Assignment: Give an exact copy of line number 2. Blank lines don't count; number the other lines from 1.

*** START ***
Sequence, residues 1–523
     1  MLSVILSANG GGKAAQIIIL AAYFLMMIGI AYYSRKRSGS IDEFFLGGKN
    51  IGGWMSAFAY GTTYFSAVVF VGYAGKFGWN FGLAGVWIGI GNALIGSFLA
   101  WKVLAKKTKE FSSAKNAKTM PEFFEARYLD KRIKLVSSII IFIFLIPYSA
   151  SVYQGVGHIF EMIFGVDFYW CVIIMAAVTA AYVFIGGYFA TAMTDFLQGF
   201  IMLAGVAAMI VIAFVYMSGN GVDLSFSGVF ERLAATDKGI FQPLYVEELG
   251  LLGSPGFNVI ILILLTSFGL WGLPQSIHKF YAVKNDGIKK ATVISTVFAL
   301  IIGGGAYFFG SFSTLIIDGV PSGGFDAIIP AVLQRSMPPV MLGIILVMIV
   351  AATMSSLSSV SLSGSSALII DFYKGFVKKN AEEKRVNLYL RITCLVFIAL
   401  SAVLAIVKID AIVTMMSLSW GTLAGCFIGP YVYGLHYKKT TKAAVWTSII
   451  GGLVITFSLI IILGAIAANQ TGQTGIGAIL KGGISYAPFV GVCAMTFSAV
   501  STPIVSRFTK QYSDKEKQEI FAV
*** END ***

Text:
     1  MLSVILSANG GGKAAQIIIL AAYFLMMIGI AYYSRKRSGS IDEFFLGGKN